Eibar BJP khub bhalo korbe (This time the Bharatiya Janata Party will do very well). This was a common refrain in casual conversations in Bengal for the last six months. There were some friends and relatives who claimed, what then sounded to me a preposterous notion, that the BJP might actually end up securing 23 seats. The pretentious academic in me scoffed at them and said in a patronizing tone that the BJP’s vote share might register a significant increase, but they would secure, at best, 10 seats.

As the elections drew closer one sensed that the saffron party would be competitive in about 15 seats, but I still found it difficult to trust some of the exit polls, some of which projected a staggering 23-26 seats for the BJP.

Well, at the time of writing, the BJP was leading in 18 seats and has a vote share of roughly 40%. The party has done well across the length and breadth of the state—and markedly well in North Bengal, the tribal areas, and the border constituencies. The number could go up and down slightly as many of the seats are witnessing keen contests where the margins between the leading candidates are razor-thin.

But, what could be the reasons for the spectacular performance of the BJP in West Bengal? The reasons are manifold and multi-dimensional. Hinduvta is just only one of the many contributing factors. Admittedly, the BJP’s strategy of pitchforking the Citizens Amendment Bill and the National Registry of Citizens (NRC) to the centre-stage of their campaign, especially in border areas, worked well. So did their other devices at ensuring religious polarization. But then, the seeds of this polarization had been laid by the Trinamool Congress (TMC) itself with its brand of identity and religious politics. For example, the TMC’s decision to award stipends to maulvis soon after coming to power did not go down well with the majority community. Correctly or incorrectly, a view gained ground that the TMC indulges in minority appeasement. What began as murmurs of discontent against the avowedly minority appeasement politics of the TMC gained sizeable traction among the majority community over the years, enabling the BJP to exploit this sentiment to the hilt.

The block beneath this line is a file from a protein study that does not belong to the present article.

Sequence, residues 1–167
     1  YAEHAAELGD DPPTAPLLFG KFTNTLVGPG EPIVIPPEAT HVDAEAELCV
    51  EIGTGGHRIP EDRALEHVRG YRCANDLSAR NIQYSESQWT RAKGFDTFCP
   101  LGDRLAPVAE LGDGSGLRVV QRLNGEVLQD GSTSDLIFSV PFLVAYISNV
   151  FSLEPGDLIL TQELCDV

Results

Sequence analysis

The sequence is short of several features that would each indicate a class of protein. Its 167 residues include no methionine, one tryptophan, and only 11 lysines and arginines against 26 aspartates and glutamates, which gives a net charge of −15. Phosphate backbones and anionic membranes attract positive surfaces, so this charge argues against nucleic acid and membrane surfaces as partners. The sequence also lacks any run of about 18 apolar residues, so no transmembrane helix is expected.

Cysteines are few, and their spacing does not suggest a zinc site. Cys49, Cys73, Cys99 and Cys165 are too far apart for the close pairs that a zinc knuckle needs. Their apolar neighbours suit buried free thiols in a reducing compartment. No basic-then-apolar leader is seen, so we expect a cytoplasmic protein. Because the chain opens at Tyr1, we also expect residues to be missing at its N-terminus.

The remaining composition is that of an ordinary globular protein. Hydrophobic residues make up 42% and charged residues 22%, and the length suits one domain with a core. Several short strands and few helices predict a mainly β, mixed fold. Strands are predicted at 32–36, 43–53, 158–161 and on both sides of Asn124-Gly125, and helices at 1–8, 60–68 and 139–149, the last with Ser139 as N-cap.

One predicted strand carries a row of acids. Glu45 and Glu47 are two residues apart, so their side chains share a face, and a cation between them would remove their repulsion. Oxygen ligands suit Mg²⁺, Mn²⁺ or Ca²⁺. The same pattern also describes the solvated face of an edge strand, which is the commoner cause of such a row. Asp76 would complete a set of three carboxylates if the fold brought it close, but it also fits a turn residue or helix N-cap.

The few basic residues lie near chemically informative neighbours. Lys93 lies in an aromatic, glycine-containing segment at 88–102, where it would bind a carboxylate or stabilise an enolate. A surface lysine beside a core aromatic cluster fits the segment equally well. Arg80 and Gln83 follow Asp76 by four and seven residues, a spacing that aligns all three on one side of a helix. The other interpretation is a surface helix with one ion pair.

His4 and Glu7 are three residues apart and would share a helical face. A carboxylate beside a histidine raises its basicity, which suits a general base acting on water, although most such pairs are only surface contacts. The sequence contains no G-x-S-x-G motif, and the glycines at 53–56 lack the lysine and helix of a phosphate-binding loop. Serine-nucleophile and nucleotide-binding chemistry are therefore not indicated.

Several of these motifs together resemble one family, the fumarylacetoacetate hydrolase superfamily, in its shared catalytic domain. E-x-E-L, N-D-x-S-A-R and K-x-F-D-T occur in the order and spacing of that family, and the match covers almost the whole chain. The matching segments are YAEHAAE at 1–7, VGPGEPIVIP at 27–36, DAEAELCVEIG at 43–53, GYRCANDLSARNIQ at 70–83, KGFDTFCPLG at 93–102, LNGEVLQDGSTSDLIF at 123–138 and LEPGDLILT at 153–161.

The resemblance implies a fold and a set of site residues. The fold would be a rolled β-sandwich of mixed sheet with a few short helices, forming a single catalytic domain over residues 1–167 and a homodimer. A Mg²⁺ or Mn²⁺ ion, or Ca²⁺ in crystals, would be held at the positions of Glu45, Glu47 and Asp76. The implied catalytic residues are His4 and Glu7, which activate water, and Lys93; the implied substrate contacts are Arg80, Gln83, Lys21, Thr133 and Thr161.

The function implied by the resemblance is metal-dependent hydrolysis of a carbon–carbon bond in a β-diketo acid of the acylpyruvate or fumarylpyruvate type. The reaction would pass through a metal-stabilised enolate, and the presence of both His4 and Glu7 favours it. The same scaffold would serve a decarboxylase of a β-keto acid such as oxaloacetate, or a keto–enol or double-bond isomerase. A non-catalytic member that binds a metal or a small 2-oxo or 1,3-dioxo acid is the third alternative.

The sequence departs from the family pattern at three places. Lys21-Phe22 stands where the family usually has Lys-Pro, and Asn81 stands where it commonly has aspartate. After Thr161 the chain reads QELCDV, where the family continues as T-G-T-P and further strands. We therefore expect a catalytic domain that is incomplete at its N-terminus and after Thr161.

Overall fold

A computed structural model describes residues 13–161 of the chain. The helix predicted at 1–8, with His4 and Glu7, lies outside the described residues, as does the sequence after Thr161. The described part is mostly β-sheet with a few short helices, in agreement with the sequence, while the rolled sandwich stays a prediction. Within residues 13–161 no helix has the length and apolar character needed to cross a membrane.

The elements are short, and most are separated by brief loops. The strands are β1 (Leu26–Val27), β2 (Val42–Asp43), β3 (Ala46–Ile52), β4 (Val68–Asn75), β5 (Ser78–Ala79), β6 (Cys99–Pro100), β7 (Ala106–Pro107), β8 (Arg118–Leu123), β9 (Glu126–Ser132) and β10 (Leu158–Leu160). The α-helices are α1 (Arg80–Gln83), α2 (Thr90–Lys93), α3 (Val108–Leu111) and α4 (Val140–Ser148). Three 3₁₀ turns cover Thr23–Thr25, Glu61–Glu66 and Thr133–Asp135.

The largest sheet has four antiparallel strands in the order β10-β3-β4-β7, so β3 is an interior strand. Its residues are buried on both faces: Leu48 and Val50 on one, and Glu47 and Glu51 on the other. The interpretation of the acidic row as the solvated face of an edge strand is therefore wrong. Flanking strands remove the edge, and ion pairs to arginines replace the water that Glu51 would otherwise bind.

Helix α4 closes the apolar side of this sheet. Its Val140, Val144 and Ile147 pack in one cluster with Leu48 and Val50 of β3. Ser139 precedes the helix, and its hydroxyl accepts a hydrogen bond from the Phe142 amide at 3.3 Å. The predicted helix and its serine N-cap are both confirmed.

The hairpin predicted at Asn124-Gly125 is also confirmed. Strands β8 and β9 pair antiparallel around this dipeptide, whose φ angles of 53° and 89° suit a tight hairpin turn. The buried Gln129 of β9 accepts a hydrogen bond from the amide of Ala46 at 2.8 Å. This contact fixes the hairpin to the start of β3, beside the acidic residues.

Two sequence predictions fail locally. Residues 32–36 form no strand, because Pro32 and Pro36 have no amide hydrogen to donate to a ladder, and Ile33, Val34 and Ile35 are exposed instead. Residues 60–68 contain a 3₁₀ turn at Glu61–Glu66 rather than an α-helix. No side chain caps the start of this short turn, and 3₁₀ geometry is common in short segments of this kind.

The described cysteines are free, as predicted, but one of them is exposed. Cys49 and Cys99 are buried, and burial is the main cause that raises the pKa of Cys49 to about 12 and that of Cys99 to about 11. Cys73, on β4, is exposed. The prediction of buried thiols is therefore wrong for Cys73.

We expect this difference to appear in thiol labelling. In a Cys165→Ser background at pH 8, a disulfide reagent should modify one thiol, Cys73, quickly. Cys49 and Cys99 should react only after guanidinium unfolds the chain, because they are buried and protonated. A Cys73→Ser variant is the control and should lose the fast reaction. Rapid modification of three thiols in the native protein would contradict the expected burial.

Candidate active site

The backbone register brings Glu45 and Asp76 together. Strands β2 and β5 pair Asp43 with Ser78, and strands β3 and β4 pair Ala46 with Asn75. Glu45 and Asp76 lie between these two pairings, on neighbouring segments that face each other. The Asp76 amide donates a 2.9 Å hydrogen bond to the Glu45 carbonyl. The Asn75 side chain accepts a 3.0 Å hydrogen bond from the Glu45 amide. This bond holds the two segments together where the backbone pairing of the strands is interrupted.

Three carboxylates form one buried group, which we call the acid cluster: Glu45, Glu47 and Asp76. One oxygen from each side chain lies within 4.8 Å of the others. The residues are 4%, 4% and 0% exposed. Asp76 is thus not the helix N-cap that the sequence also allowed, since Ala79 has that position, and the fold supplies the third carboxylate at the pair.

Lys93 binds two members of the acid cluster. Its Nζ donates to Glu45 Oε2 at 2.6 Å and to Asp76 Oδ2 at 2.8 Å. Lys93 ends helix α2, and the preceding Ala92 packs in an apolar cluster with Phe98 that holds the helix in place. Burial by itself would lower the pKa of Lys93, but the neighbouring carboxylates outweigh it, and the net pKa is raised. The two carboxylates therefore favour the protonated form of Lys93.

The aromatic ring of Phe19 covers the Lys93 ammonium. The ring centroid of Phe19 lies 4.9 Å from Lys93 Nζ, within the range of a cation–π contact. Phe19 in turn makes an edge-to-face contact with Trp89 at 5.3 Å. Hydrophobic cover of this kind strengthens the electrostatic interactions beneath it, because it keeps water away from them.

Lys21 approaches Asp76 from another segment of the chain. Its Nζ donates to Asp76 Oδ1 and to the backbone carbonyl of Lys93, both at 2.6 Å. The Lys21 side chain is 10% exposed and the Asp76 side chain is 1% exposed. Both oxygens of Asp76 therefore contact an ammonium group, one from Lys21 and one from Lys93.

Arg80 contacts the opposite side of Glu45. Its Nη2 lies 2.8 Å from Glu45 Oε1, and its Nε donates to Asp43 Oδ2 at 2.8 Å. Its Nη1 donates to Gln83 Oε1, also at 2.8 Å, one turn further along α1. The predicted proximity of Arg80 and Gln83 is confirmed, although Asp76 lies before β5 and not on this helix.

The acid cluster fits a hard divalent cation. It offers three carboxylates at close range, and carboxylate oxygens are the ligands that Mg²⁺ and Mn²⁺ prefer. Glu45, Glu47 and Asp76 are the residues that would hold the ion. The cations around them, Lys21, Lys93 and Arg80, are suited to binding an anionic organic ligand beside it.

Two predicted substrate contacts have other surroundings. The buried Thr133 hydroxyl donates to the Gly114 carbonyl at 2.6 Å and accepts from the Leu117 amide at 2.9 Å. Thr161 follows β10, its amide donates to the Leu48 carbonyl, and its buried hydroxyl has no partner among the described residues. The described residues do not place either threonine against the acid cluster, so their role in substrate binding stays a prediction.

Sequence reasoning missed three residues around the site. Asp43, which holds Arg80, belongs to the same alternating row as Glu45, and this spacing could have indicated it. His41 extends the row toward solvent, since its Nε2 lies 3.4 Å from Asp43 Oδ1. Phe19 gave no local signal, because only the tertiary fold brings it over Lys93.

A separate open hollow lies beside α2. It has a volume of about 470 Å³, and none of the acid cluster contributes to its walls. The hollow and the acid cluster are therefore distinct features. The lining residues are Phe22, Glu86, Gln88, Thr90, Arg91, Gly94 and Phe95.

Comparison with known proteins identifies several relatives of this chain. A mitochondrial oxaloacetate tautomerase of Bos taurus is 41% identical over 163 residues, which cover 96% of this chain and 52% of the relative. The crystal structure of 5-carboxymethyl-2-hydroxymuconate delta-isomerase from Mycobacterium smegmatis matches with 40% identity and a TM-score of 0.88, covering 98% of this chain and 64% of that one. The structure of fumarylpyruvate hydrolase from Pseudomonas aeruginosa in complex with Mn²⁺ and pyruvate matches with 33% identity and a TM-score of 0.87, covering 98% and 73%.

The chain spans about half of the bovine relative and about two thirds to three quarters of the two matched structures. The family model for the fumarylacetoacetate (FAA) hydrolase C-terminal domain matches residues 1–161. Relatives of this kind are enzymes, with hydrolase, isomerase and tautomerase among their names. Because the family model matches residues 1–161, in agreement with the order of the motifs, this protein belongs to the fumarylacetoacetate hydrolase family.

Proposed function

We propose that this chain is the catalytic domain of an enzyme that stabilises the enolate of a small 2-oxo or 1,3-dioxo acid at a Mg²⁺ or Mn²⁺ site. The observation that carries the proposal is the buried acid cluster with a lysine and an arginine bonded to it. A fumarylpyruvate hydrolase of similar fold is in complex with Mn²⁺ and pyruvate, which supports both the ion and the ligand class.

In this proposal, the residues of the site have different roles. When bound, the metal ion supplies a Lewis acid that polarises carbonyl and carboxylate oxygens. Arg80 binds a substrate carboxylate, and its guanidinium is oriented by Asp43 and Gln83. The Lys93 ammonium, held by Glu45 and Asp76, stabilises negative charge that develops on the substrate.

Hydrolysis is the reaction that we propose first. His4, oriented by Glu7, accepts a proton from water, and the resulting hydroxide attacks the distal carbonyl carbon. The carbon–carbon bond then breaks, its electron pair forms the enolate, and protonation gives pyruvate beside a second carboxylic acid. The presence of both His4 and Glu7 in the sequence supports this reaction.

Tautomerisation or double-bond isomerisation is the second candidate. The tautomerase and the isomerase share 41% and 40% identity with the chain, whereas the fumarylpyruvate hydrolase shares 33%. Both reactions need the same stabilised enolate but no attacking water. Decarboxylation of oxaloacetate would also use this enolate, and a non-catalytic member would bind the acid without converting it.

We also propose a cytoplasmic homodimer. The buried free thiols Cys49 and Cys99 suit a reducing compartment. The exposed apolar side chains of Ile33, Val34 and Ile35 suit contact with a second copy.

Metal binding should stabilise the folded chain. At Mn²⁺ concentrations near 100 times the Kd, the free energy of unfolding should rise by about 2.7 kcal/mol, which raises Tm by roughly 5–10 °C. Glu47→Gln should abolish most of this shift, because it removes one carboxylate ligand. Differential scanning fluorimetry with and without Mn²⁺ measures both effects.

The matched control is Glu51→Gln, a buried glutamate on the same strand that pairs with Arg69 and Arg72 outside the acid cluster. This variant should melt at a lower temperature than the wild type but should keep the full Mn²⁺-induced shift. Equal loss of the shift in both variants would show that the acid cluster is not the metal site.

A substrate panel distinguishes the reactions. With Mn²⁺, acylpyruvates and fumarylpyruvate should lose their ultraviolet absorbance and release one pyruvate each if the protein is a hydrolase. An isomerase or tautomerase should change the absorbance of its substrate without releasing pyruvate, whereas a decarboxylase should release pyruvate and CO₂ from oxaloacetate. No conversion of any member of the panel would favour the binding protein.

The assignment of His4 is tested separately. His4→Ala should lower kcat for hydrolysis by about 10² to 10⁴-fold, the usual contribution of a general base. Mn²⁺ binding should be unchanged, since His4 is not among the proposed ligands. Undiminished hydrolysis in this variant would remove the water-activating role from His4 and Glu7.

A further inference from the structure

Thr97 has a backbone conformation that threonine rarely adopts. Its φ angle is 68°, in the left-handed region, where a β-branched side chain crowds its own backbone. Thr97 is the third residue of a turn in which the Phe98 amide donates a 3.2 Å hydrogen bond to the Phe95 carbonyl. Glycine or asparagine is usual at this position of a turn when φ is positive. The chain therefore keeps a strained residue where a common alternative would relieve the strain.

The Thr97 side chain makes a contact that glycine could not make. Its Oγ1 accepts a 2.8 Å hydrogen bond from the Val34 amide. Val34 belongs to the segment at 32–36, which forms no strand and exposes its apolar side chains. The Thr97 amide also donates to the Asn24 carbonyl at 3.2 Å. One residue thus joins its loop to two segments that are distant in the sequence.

This, though, is not all. The TMC was often accused of practising a particularly violent brand of politics even by Bengal standards, which has a long history of political violence. This was supposedly reflected in syndicate or extortion raj and in violence towards political opponents or anybody who spoke against TMC. The Communist Party of India (Marxist), or CPM, initially bore the brunt of this violence, at least till the 2016 assembly elections. The CPM, unable to counter this violence, withered away, ceding opposition space to the BJP. A substantial section of their cadre shifted to the BJP in the hope that it would provide them protection. At the time of writing, the CPM’s vote share in Bengal is a minuscule 5%, down from 30% in 2014—and you don’t have to dwell deep to figure out where this vote bank might have shifted.

The tipping point, however, as far as the resentment against TMC’s violent brand of politics is concerned, was the panchayat elections held a few months ago. There was unprecedented violence, again even by Bengal’s dubious history of political violence. This led to a huge undercurrent of rage and many people simply waited for a chance to cast a decisive vote against the TMC. The 2019 Lok Sabha elections provided that opportunity.

And, last but not the least, is the burning issue of corruption. The TMC has been accused of rampant corruption. Various recruitment processes for government jobs, which in the absence of industry are much coveted in the state, have come under a cloud amid allegations of widespread corruption and malpractices. This added to the already existing discontent over irregular holding of recruitment examinations such as the School Service Commission and College Service Commission.

To sum it up, the writing was on the wall for a long time. A substantial section of the electorate was waiting to register their dissent against the TMC by voting for a party, which in their opinion, was best placed to counter it. The CPM or the Congress were no options for them. For them, the right choice was the BJP.

Sabyasachi Dasgupta is assistant professor in the department of history atVisva-Bharati, Santiniketan.

Close